My first telescope and mount was a 10" f/10 Meade LX90 GPS Schmidt-Cassegrain on an Alt/AZ mount (Altitude/Azimuth). I put it on a wedge to make it into an equatorial mount as I started to learn astro photography. The scope came with a Meade DSI One-Shot-Color camera.
Here is a shot of My Meade 10" SCT mounted on the original Alt/AZ fork with the whole thing on a wedge. The wedge tips one axis so that it is aligned parallel with the Earths' north-south axis (Right Ascension). When aligned precisely to the North Celestial Pole only the other axis (Declination) needs to make corrections during astro photography. This is how an equatorial mount works. Another advantage to an equatorial mount is that there is no field rotation as the imaged object moves across the sky. This picture was taken at Hat Creek Campground east of Redding and not far from Adin where the annual Golden State Star Party is held. There were a number of us on an astronomy field trip with Dr. Rick Nolthenius from Cabrillo College.
The Meade 10" telescope on an Alt/AZ mount just wasn't what I needed for the imaging I wanted to do, so I upgraded to the Losmandy G11 equatorial mount with the Gemini-1 Go-To system and put the Meade 10" on top.
This is the only picture I have of my Orion 190mm f/5.3 Mak/Newt telescope. I put this on the Losmandy mount for wider field images. Jonathan took this picture of me at the Cabrillo College Observatory in September of 2010. I was taking the advanced imaging class from Dr. Rick Nolthenius. This image is the property of Jonathan C. Thanks Jonathan!
By Feb. 2011 I had a pretty good rig. The Losmandy G11 Go-To mount, the Meade 10" f/10 SCT, a Meade electric focuser and an SBIG ST-4000xcm One-Shot-Color Self-Guiding Cooled camera. I was switching between the Meade and the Orion telescopes.
The AP 900 GTO is the mount I wish I could have started with. Really awesome! It's a Go-To mount that tracks and guides exceptionally well. I was also able to upgrade my telescope as well. The Celestron 9.25" f/10 EdgeHD is a fantastic telescope that was designed to have a flat field across the entire field of view. Very little coma, which makes for much rounder stars! It's great for imaging smaller objects since it has a longer focal length and narrower field of view than the Orion 8".
When I got the Astro Physics mount I was guiding with an SBIG ST-i Planetary Imaging camera with a 200mm lens on it. I was having tons of trouble with differential flexure. I just couldn't figure out why guiding was spot-on but my stars were oval. When the Santa Cruz gang was down at Borrego Springs for Nightfall 2014, I ran into a fellow from the Riverside club who got it all figured out. It turns out all I needed was more focal length for the guide camera. Here is my Explore Scientific 80mm Apochromatic Triplet Refractor guide scope with the SBIG ST-i on the back. The scope has an aperture of 80mm and 480mm of focal length. it required 480mm of back focus, thus the spacers. I'm now a very happy camper with fantastic guiding and nice round stars! Yay!!! Picture taken at GSSP 2015.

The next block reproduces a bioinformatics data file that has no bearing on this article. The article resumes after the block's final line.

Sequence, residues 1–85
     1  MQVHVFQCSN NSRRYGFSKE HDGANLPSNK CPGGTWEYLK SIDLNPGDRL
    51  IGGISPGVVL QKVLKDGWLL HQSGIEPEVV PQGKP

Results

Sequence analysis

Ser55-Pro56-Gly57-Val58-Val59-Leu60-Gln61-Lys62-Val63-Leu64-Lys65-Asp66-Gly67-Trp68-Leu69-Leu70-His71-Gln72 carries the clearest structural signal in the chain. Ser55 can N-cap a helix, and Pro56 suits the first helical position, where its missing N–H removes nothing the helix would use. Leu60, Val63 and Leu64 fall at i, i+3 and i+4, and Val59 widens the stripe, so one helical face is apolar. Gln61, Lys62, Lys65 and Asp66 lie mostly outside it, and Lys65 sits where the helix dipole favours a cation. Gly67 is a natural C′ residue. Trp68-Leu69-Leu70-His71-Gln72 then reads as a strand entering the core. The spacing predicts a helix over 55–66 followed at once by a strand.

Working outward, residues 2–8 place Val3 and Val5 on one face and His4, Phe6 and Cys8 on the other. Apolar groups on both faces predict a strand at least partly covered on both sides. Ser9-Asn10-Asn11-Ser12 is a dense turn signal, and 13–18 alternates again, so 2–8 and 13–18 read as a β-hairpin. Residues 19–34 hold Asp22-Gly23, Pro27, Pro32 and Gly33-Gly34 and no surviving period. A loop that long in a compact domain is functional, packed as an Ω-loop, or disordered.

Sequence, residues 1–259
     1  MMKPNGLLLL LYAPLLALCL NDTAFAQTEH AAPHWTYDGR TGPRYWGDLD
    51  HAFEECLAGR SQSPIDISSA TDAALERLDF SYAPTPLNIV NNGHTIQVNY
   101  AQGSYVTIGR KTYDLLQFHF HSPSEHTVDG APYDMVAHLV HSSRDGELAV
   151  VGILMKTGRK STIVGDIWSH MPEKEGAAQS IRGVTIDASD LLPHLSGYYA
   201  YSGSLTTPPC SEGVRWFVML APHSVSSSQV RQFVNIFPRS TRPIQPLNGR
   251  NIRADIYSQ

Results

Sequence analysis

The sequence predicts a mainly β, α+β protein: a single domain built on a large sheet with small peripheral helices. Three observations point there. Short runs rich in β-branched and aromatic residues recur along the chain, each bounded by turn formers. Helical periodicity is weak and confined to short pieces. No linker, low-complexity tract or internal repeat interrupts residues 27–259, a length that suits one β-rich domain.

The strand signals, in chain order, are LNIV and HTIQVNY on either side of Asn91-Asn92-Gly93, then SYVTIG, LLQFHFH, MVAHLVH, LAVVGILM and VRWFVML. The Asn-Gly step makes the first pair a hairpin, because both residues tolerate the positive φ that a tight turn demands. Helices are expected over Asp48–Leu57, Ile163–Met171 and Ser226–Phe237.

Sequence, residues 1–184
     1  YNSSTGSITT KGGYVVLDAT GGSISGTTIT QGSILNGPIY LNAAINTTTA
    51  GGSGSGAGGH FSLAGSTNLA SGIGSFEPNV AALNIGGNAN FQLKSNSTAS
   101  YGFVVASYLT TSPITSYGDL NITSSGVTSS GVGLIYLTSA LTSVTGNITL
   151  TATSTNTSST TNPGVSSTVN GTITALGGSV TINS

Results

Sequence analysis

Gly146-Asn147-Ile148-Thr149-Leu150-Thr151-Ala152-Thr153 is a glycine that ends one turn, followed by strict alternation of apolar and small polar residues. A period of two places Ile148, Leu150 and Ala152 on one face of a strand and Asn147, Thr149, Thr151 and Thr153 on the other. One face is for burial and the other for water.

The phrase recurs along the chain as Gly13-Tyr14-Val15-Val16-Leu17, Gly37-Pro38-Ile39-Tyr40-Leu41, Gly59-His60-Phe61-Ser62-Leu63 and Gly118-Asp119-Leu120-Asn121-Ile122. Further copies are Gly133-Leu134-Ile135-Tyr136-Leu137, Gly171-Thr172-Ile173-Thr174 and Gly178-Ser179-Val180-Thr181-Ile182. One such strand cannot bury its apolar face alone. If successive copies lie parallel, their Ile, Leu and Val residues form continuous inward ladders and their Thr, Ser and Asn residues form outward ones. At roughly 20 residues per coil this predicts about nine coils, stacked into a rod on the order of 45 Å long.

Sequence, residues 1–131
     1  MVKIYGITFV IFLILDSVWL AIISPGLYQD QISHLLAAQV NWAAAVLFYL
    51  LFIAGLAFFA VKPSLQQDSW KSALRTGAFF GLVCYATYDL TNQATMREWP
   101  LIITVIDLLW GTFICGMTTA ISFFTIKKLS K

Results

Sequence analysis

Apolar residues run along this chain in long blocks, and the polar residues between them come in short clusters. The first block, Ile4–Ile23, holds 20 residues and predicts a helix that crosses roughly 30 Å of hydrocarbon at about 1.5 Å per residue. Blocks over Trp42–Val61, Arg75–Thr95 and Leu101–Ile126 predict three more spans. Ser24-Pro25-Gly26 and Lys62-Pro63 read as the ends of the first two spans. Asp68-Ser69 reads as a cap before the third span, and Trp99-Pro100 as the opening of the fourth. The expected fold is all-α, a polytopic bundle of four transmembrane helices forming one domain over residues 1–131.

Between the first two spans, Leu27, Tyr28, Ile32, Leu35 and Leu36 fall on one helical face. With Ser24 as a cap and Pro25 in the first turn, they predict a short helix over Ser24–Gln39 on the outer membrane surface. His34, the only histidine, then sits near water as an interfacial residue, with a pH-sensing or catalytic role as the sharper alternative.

In the spring of 2016 I finally decided to make the transition to a monochrome camera with a filter wheel. I got the SBIG STF-8300m with FW8-8300 filter wheel. A monochrome camera will give you a lot more resolution in your images along with requiring less exposure times per sub-frame. The only drawback compared to a One-Shot-Color camera is that you have to take an exposure for each colored filter. That means that getting enough sub-frames to make a nice image will require multiple nights imaging the same object. A small price to pay for the resolution increase. The camera also came with an Off-Axis Guider which will help in keeping the stars round. I'll probably keep the Explore Scientific guide scope on top for when an object doesn't have a suitable guide star nearby. In addition to the standard Red, Green and Blue filters I also added in a Sulpher II, Oxygen III and Hydrogen Alpha filters. Once I get used to doing a few RGB images those other filters should really add some pizzaz to my images.
Here is shot of my entire rig, top to bottom. Way up on top is the light box which is used to shoot flat frames. It gives a uniform light sourse across the entire FOV.
Along with the new camera I got a filter wheel as well. This the interior of the filter wheel showing all the filters; Red, Green, Blue, Luminance, Ha(Hydrogen alpha), OIII (Oxygen 3) and SII (Sulpher 2).